The main difference between worrying about our children and entrusting them to the Lord is that worrying focuses on the situation, what might go wrong or what did go wrong, while peaceful trust focuses on the God who loves our kids even more than we do.
Isaiah 26:3 says, “You keep him in perfect peace whose mind is stayed on you, because he trusts in you.” Do you want to be kept in perfect peace, even when so much can threaten your children? Then your mind must be fixed on the One who is in control. He is completely good, and worthy of complete trust because He completes every single promise He makes. And when we truly understand this, our sleep will be just as peaceful as our children’s sleep.
Psalm 4:8 “In peace I will both lie down and sleep; for you alone, O LORD, make me dwell in safety.”
John 14:27 “Peace I leave with you; my peace I give to you. Not as the world gives do I give to you. Let not your hearts be troubled, neither let them be afraid.”
John 16:33 “I have said these things to you, that in me you may have peace. In the world you will have tribulation. But take heart; I have overcome the world.”
Philippians 4:7 “And the peace of God, which surpasses all understanding, will guard your hearts and your minds in Christ Jesus.”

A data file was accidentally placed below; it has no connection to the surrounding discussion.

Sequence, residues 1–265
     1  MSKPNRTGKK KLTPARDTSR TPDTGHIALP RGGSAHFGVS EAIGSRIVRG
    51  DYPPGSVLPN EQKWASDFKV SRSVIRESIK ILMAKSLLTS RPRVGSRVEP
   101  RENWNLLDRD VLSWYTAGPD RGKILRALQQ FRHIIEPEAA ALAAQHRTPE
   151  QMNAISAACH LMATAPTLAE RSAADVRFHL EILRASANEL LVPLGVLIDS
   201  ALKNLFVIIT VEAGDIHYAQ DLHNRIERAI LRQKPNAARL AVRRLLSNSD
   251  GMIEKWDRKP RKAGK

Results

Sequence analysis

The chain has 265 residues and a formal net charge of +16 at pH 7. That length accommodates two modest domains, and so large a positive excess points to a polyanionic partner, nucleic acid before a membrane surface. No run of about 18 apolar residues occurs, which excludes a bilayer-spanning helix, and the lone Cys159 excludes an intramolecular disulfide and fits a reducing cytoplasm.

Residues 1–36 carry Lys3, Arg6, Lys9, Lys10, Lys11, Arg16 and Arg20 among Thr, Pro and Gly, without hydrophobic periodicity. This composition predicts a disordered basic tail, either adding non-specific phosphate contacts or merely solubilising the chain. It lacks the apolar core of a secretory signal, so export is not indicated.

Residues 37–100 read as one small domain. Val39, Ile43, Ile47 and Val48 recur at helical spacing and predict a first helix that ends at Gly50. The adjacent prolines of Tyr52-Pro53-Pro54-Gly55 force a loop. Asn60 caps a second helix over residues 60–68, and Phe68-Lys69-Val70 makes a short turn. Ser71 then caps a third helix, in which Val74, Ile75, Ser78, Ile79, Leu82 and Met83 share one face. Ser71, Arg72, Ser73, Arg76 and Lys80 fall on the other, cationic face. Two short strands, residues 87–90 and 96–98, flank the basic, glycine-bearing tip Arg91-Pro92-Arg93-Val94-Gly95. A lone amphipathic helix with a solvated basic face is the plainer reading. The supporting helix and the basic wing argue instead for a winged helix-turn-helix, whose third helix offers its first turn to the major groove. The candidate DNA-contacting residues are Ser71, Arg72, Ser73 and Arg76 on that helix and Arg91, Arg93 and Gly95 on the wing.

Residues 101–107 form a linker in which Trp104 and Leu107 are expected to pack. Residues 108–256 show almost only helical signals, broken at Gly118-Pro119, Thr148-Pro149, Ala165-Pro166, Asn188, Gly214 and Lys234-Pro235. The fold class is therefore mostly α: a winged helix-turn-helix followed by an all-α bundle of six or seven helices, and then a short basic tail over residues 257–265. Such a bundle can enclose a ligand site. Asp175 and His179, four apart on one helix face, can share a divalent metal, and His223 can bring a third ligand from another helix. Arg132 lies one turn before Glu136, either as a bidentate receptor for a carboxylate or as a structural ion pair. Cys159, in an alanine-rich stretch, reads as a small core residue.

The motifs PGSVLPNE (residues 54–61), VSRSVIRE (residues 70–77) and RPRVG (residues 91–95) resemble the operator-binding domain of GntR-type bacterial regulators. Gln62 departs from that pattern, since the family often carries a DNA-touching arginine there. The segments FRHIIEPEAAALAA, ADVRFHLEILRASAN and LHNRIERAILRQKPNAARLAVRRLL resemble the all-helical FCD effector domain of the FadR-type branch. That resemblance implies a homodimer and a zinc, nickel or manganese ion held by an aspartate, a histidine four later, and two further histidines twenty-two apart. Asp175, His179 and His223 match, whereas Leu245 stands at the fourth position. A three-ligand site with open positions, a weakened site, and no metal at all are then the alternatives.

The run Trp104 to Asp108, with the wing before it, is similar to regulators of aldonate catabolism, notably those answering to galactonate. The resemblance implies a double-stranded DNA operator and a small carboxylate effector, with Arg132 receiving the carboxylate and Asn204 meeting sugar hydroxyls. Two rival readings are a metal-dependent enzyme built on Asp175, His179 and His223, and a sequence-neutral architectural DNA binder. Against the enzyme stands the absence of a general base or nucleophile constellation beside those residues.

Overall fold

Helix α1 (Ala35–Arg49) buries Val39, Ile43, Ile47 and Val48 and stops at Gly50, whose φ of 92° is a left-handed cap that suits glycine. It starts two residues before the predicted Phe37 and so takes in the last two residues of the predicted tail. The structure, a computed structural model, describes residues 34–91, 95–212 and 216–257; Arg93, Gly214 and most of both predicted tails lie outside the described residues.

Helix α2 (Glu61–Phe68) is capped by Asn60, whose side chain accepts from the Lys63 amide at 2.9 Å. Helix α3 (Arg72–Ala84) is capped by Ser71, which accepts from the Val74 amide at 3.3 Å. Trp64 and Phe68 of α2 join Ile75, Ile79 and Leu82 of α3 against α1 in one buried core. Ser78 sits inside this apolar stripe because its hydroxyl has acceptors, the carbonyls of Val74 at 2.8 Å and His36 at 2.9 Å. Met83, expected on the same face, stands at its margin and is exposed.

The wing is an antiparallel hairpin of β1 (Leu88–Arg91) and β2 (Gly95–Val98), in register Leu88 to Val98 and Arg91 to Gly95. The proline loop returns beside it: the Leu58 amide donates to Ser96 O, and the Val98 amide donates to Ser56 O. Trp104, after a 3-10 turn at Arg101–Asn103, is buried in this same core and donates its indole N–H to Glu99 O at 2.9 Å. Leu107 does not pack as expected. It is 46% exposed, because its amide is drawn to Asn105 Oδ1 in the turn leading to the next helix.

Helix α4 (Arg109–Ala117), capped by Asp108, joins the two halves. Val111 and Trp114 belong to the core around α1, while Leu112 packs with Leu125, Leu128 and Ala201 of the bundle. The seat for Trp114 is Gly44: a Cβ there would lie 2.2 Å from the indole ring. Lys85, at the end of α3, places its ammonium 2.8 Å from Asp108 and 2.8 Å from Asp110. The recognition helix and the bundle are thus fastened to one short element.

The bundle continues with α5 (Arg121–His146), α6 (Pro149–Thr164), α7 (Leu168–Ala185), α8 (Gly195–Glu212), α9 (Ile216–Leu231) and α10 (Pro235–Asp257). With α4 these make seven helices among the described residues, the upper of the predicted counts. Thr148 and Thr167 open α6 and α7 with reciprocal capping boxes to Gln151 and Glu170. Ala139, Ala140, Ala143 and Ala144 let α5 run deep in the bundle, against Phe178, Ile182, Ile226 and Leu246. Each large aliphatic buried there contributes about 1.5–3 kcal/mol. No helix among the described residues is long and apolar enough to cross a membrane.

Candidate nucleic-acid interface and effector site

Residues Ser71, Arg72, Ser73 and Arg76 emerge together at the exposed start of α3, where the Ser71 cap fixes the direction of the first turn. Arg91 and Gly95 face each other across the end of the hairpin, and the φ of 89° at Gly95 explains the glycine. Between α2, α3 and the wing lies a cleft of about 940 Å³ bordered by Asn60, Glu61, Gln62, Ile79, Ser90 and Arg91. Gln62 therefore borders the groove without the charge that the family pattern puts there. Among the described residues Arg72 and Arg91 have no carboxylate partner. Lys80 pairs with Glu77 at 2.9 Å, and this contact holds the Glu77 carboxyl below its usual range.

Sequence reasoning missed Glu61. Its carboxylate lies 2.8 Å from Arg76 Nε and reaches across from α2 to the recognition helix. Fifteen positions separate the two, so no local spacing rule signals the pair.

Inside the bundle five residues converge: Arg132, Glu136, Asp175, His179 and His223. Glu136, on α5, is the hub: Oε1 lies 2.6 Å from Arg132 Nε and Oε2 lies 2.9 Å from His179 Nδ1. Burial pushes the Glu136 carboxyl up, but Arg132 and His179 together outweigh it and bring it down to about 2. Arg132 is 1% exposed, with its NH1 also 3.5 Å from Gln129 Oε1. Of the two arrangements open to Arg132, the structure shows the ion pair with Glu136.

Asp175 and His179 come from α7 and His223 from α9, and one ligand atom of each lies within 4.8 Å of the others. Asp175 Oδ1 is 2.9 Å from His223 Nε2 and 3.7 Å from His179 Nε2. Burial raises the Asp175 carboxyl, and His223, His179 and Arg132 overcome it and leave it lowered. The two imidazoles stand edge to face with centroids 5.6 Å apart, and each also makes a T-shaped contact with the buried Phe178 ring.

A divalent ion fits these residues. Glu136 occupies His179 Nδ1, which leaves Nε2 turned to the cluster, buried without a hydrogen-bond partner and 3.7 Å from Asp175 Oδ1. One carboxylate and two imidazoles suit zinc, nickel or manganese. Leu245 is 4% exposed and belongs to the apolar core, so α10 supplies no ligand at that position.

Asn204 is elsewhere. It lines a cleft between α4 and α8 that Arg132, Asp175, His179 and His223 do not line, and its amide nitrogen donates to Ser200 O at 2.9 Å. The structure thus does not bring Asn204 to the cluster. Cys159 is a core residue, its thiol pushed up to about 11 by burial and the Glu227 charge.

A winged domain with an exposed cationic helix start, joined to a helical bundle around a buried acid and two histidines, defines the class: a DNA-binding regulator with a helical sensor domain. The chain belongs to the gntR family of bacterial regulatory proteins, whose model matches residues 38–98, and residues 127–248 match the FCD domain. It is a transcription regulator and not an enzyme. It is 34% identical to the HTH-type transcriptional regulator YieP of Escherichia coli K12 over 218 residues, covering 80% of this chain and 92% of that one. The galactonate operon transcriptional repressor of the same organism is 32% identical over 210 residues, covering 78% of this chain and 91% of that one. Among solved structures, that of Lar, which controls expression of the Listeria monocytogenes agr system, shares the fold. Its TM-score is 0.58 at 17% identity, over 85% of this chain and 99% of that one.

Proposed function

There is another aspect of peace, though. The fruit of peace does mean the peace that comes as a result of trust instead of worry, but it also means a much deeper peace. It means the peace that comes from no longer being at enmity with God.
Speaking to the Gentiles in Ephesians 2, Paul writes:
“Remember that you were at that time separated from Christ, alienated from the commonwealth of Israel and strangers to the covenants of promise, having no hope and without God in the world. But now in Christ Jesus you who once were far off have been brought near by the blood of Christ. For he himself is our peace, who has made us both one and has broken down in his flesh the dividing wall of hostility by abolishing the law of commandments expressed in ordinances, that he might create in himself one new man in place of the two, so making peace, and might reconcile us both to God in one body through the cross, thereby killing the hostility. And he came and preached peace to you who were far off and peace to those who were near. For through him we both have access in one Spirit to the Father. So then you are no longer strangers and aliens, but you are fellow citizens with the saints and members of the household of God, built on the foundation of the apostles and prophets, Christ Jesus himself being the cornerstone, in whom the whole structure, being joined together, grows into a holy temple in the Lord. In him you also are being built together into a dwelling place for God by the Spirit.” (Ephesians 2:12-22)
The flavors of the peace-fruit in Christians are tasted when we trust instead of worry, when we bask in grace instead of hanging our heads in self-condemnation, when we forgive instead of harbor bitterness, when we seek restoration and reconciliation where there has been division. But all those lovely flavors spring from the deeper peace, the peace we now have with God through Jesus Christ.